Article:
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Re: Inlining comparators as a performance optimisation

From: Simon Riggs <simon(at)2ndQuadrant(dot)com>
To: Heikki Linnakangas <heikki(dot)linnakangas(at)enterprisedb(dot)com>
Cc: Peter Geoghegan <peter(at)2ndquadrant(dot)com>, Tom Lane <tgl(at)sss(dot)pgh(dot)pa(dot)us>, PG Hackers <pgsql-hackers(at)postgresql(dot)org>
Subject: Re: Inlining comparators as a performance optimisation
Date: 2011-09-21 07:01:11
Message-ID: CA+U5nMJ0FdZQzK4OK8ot+gBu4aCO0gik--6FfmwK5o97tj_=XA@mail.gmail.com (view raw or flat)
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On Wed, Sep 21, 2011 at 7:51 AM, Heikki Linnakangas
<heikki(dot)linnakangas(at)enterprisedb(dot)com> wrote:
> On 21.09.2011 02:53, Peter Geoghegan wrote:
>>
>> C stdlib quick-sort time elapsed: 2.092451 seconds
>> Inline quick-sort time elapsed: 1.587651 seconds
>>
>> Does *that* look attractive to you?
>
> Not really, to be honest. That's a 25% speedup in pure qsorting speed. How
> much of a gain in a real query do you expect to get from that, in the best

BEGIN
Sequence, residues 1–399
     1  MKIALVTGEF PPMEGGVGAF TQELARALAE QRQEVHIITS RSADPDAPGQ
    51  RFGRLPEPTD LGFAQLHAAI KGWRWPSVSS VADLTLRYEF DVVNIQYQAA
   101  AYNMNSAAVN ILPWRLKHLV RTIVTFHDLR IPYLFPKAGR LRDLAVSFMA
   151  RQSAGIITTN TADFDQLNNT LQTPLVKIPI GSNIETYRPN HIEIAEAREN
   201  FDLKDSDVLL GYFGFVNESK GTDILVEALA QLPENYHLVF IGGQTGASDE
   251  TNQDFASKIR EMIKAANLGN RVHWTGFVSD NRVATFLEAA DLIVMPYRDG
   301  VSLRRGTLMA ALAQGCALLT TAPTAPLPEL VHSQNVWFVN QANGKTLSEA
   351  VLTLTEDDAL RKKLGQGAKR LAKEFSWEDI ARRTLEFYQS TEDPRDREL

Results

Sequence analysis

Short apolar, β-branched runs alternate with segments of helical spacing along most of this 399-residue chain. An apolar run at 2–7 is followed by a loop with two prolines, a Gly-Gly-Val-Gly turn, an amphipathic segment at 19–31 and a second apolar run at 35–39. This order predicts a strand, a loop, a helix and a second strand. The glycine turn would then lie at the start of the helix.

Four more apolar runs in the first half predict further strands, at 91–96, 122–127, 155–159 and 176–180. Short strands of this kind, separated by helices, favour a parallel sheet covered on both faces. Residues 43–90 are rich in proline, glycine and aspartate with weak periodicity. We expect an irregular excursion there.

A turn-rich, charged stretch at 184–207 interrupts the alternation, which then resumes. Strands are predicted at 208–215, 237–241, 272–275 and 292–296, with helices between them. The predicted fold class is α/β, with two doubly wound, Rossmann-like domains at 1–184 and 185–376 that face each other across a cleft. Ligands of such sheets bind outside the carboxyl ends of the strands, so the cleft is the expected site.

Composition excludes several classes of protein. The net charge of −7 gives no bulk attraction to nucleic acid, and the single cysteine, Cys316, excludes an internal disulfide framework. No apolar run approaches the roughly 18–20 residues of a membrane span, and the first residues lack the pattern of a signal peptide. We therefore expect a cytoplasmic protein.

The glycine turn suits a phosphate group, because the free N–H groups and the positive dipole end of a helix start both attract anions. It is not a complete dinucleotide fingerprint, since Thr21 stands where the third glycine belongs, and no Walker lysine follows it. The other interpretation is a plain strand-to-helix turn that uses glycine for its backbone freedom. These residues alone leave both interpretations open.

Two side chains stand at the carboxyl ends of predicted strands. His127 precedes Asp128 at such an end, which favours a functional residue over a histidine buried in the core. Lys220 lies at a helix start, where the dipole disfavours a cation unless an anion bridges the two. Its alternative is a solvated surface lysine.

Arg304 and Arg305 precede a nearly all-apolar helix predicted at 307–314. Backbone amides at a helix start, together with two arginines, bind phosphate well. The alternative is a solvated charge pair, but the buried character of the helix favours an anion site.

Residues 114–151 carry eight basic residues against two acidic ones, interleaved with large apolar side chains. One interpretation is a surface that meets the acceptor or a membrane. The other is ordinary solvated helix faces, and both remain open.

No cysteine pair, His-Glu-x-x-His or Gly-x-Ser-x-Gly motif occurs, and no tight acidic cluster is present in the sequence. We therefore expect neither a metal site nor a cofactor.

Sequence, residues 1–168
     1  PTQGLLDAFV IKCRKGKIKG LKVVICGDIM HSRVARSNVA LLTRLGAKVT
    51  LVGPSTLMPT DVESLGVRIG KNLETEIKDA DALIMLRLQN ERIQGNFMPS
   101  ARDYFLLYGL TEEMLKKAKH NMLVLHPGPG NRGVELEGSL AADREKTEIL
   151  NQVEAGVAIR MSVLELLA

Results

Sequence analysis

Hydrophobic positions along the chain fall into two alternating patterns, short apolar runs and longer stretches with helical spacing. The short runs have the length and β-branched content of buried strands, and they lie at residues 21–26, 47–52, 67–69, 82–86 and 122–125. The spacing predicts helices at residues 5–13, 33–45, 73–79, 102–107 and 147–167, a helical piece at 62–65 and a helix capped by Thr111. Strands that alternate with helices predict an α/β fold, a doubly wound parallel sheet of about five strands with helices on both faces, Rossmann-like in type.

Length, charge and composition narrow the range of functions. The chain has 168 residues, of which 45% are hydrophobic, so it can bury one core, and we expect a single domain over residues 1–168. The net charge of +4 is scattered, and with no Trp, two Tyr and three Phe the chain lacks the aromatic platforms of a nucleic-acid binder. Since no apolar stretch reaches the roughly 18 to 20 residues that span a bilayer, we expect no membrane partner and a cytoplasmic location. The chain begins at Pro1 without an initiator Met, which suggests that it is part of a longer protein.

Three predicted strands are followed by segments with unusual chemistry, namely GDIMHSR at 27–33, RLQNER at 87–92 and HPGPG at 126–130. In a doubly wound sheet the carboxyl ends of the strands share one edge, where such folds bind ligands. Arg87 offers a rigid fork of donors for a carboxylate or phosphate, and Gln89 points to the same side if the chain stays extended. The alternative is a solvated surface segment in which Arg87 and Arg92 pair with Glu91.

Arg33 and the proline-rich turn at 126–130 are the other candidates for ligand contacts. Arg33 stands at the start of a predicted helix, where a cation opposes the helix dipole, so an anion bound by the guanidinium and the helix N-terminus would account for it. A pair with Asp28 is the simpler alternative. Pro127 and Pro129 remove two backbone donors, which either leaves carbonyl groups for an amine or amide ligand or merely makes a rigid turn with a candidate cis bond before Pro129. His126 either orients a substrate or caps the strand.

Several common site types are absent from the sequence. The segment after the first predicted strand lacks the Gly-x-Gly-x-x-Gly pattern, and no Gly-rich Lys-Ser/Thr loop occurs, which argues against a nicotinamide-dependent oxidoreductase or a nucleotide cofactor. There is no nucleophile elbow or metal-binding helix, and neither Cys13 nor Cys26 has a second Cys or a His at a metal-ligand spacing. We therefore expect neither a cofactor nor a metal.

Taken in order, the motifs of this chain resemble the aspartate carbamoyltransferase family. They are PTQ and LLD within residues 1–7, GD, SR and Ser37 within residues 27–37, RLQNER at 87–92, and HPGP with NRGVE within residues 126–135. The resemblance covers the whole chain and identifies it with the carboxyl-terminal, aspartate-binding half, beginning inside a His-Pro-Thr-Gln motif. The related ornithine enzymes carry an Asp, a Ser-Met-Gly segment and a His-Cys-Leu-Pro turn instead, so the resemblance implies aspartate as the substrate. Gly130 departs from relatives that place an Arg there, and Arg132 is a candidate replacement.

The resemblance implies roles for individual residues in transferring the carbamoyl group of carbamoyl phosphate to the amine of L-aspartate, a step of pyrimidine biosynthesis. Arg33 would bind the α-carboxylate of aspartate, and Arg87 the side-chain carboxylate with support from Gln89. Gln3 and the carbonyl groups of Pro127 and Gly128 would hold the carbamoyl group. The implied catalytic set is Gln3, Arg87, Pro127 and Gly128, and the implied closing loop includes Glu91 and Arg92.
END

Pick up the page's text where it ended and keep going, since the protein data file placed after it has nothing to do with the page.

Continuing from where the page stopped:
> case? There's so many other sources of overhead that I'm afraid this will be
> lost in the noise. If you find a query that spends, say, 50% of its time in
> qsort(), you will only get a 12.5% speedup on that query. And even 50% is
> really pushing it - I challenge you to find a query that spends any
> significant amount of time qsorting integers.

How about almost every primary index creation?

Don't really see a reason for the negativity here. If you use that
argument no performance gain is worth it because all workloads are
mixed.

This is a marvellous win, a huge gain from a small, isolated and
easily tested change. By far the smallest amount of additional code to
sorting we will have added and yet one of the best gains.

-- 
 Simon Riggs                   http://www.2ndQuadrant.com/
 PostgreSQL Development, 24x7 Support, Training & Services

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